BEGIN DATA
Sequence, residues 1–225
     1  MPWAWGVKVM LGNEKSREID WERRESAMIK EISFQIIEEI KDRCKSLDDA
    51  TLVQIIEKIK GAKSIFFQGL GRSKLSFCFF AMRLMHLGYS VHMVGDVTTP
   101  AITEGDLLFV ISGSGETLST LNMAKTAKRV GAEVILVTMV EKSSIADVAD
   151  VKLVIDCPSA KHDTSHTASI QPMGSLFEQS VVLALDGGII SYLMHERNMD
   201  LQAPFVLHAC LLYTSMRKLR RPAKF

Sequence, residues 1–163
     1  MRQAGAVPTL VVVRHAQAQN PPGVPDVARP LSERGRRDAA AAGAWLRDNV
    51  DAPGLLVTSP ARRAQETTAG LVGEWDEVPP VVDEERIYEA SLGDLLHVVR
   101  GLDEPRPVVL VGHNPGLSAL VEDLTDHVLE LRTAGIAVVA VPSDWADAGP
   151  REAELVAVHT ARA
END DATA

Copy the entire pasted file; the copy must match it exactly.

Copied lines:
Sequence, residues 1–225
     1  MPWAWGVKVM LGNEKSREID WERRESAMIK EISFQIIEEI KDRCKSLDDA
    51  TLVQIIEKIK GAKSIFFQGL GRSKLSFCFF AMRLMHLGYS VHMVGDVTTP
   101  AITEGDLLFV ISGSGETLST LNMAKTAKRV GAEVILVTMV EKSSIADVAD
   151  VKLVIDCPSA KHDTSHTASI QPMGSLFEQS VVLALDGGII SYLMHERNMD
   201  LQAPFVLHAC LLYTSMRKLR RPAKF

Sequence, residues 1–163
     1  MRQAGAVPTL VVVRHAQAQN PPGVPDVARP LSERGRRDAA AAGAWLRDNV
    51  DAPGLLVTSP ARRAQETTAG LVGEWDEVPP VVDEERIYEA SLGDLLHVVR
   101  GLDEPRPVVL VGHNPGLSAL VEDLTDHVLE LRTAGIAVVA VPSDWADAGP
   151  REAELVAVHT ARA